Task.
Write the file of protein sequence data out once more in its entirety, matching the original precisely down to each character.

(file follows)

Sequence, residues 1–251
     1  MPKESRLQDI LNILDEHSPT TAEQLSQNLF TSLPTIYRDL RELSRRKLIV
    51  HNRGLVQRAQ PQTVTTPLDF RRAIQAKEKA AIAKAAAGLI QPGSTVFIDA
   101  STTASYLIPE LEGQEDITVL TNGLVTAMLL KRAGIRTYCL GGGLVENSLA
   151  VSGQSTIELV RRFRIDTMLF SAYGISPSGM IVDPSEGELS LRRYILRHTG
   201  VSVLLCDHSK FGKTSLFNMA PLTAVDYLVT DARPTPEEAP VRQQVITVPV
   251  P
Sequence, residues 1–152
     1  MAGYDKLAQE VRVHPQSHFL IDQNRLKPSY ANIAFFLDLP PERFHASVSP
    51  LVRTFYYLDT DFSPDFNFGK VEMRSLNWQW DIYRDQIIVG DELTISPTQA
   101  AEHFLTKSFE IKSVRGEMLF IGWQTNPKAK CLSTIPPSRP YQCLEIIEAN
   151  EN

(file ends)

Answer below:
Sequence, residues 1–251
     1  MPKESRLQDI LNILDEHSPT TAEQLSQNLF TSLPTIYRDL RELSRRKLIV
    51  HNRGLVQRAQ PQTVTTPLDF RRAIQAKEKA AIAKAAAGLI QPGSTVFIDA
   101  STTASYLIPE LEGQEDITVL TNGLVTAMLL KRAGIRTYCL GGGLVENSLA
   151  VSGQSTIELV RRFRIDTMLF SAYGISPSGM IVDPSEGELS LRRYILRHTG
   201  VSVLLCDHSK FGKTSLFNMA PLTAVDYLVT DARPTPEEAP VRQQVITVPV
   251  P
Sequence, residues 1–152
     1  MAGYDKLAQE VRVHPQSHFL IDQNRLKPSY ANIAFFLDLP PERFHASVSP
    51  LVRTFYYLDT DFSPDFNFGK VEMRSLNWQW DIYRDQIIVG DELTISPTQA
   101  AEHFLTKSFE IKSVRGEMLF IGWQTNPKAK CLSTIPPSRP YQCLEIIEAN
   151  EN